Book Review: Dingaan Thobela - by Ron Jackson

Not many books have been written about South African boxers, but a new one has
reached the shops just in time to make a fine Christmas gift.

The story of Dingaan Thobela is similar to that of many of fighters who rose against the odds and went on to achieve success.

None, however, has had such an inspirational influence on people who followed his
career as that of Dingaan Thobela. The tale of Thobela’s humble beginnings in Chiawelo, one of the poorest parts of Soweto, and his successes, including winning three world titles, is told in a recently released book.

Rose of Soweto – The Dingaan Thobela Story was written by Deon Potgieter and is
published by Penguin Books. It has 288 pages and comes in paperback format. Thobela is possibly the most talented and charismatic fighter ever to come out of South Africa. However, he did not reach his full potential, mainly because of his
fluctuating weight, the result of unwise eating habits. No other SA fighter has won
a national junior lightweight title and then jumped six divisions to take the super middleweight title.

Thobela also won the WBO and WBA lightweight belts and, against the odds near the end of his career, became the first South African to win a WBC belt in his home country. That was the night he knocked out Glen Catley with only seven seconds remaining in the fight on September 1, 2000.

Thobela was born at the Baragwanath Hospital near Soweto on September 24, 1966. His parents separated soon afterwards. His mother still lived with her parents and already had a son from a previous relationship. She was in no position to raise another child and the new baby was cared for by his grandmother. She brought him up in a four-room house that was shared by his father, his grandmother and two grandfathers; one his grandmother’s husband and the other her brother.

Dingaan’s mother, Maria Kofa Mahlangu, later told him that she had registered him
as Bongani Mahlangu. Ironically, this led to his grandmother renaming him Dingaan, as his father already had another son named Bongani who lived with them, on and off, in his childhood years. Thobela later decided to keep the name Bongani and registered himself as Dingaan Bongani Thobela.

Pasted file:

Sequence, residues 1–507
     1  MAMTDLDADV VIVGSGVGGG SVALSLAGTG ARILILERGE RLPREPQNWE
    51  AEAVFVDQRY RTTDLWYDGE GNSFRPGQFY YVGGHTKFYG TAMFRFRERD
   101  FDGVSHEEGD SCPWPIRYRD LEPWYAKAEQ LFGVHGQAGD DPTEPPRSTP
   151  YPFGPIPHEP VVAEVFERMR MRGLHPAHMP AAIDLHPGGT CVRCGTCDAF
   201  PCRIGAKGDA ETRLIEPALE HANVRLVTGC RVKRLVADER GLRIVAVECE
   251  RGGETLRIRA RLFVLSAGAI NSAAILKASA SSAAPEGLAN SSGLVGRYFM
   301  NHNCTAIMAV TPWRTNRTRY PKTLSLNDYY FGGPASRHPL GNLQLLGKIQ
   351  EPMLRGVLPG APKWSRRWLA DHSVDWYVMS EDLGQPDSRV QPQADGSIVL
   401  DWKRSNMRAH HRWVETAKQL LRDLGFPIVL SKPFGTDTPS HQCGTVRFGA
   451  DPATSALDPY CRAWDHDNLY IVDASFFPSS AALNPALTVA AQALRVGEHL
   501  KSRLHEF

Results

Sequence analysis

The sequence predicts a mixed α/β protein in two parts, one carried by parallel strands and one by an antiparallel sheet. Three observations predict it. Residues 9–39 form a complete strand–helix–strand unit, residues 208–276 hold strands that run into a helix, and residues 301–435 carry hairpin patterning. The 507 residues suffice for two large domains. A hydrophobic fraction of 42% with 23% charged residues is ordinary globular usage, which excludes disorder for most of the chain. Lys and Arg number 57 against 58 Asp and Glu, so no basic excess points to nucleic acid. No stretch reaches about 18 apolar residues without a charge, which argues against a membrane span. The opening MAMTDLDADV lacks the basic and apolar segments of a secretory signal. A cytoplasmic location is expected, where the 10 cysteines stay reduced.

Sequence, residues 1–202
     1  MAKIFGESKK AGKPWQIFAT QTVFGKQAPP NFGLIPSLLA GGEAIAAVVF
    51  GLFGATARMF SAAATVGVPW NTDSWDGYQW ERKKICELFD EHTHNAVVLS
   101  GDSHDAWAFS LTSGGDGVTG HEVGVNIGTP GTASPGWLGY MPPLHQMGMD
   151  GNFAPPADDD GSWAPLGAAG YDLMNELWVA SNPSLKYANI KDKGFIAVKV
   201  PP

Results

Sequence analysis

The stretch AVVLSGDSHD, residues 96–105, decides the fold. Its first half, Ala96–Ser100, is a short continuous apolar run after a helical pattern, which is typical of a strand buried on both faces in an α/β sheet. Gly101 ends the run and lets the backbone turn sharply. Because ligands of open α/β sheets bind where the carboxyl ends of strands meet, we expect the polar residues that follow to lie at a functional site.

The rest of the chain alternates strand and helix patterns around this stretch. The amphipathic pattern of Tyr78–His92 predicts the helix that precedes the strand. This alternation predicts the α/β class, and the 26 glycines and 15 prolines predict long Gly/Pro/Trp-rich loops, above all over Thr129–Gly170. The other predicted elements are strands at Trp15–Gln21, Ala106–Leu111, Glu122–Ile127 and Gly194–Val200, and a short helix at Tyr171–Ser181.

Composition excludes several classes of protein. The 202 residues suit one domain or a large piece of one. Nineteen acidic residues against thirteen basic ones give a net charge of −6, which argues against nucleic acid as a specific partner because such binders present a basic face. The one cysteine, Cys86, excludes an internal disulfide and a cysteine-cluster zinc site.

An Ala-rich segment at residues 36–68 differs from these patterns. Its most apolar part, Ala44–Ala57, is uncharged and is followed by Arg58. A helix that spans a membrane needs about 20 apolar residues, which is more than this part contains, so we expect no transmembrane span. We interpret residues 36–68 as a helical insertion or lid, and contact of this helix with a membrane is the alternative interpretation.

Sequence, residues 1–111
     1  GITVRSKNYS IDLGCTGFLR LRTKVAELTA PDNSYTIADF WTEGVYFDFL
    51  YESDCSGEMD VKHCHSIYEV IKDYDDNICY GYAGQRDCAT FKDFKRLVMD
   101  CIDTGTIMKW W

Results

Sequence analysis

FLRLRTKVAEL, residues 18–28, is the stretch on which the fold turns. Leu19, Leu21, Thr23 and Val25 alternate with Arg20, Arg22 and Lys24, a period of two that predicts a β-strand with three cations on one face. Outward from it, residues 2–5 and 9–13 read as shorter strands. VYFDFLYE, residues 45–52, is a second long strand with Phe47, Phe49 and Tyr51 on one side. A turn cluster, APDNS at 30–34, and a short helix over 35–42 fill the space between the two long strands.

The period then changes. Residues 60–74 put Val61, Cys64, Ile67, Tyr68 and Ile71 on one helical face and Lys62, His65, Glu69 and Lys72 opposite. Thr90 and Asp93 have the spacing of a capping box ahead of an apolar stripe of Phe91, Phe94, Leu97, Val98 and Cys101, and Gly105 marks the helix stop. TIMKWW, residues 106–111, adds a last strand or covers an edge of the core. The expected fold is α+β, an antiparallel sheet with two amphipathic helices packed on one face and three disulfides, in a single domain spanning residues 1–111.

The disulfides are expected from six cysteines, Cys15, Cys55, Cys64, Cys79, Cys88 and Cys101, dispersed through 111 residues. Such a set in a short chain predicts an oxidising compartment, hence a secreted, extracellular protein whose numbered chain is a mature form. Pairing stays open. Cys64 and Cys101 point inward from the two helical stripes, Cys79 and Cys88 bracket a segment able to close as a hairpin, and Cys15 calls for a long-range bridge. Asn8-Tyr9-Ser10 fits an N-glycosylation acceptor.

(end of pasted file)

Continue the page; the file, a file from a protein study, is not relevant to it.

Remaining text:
As a teenager, he showed promise as a soccer player but with the opening of the
Sanyo Boxing Academy in Soweto he and his friends caught the boxing bug. The skinny youngster joined Norman Hlabane at his gym in New Canada, and the shrewd trainer guided him through 83 amateur fights, of which Dingaan lost only three. It was the beginning of a long relationship between Hlabane and Thobela,
who remained with his mentor through most of his professional career.

Early in his professional career, Thobela decided to model himself on the Mexican
WBC featherweight champion Salvador Sanchez, who died in a car accident in August 1982 when he was at the height of his career.

Hlabane and Thobela spent hours at my house watching video tapes of Sanchez,
especially the one when he stopped a young Azumah Nelson in the fifteenth round in a ring classic.

The book reveals the intense rivalry between Brian Mitchell and Thobela, from the
time a young Dingaan sparred with the WBA champion, who was five years older. Soon after their first sparring session, talks started of a fight between the two. The rumours continued until Mitchell retired in 1995.

Thobela’s personal life was not always rosy. He and Basetsana Makgalamele sadly
parted ways after a seven-year relationship because she was crowned Miss South
Africa and both became too involved with their careers to stay together.

Boxing took Thobela to many highs and lows, but he emerges as a genuinely nice
guy who has earned his place amongst the legends of the ring.

Unfortunately, the author let too many errors slip in, such as stating that Mitchell had 53 fights, even though he had only 49.

Former SA bantam and featherweight champion Sexton Mabena is called Sexun
and Enoch “Schoolboy” Nhlapo had 119 fights, with 100 wins, not 116 fights with 99 wins.

Promoter Jaap de Villiers promoted under the name of Proboks not Springbok Promotions.

Manning Galloway was a WBO welterweight champion, not junior welterweight,
and Danilo Cabrera was not a challenger when he fought Brian Mitchell. It was a
non-title fight.

In 1990, Sugarboy Malinga lost to Lindell Holmes for the IBF super middleweight
title, not the light-heavyweight title. And Malinga won the World Boxing Federation
super middleweight title when he stopped Frederick Alvarez, not the World Boxing
Foundation title.

Phillip Holiday was the IBF lightweight champion, not the WBA champion. And
when Thobela lost to Cornelius Carr in London it was on a majority decision not a split decision.

M’tendere Makalamba of Malawi was the one eliminated by Roy Jones Jr in the 1988 Seoul Olympics (knocked out in the first round), not Mtendele Makalambi.

However, the book tells a good story and is a welcome edition to my collection of
boxing books. It is available at bookshops at R140 per copy.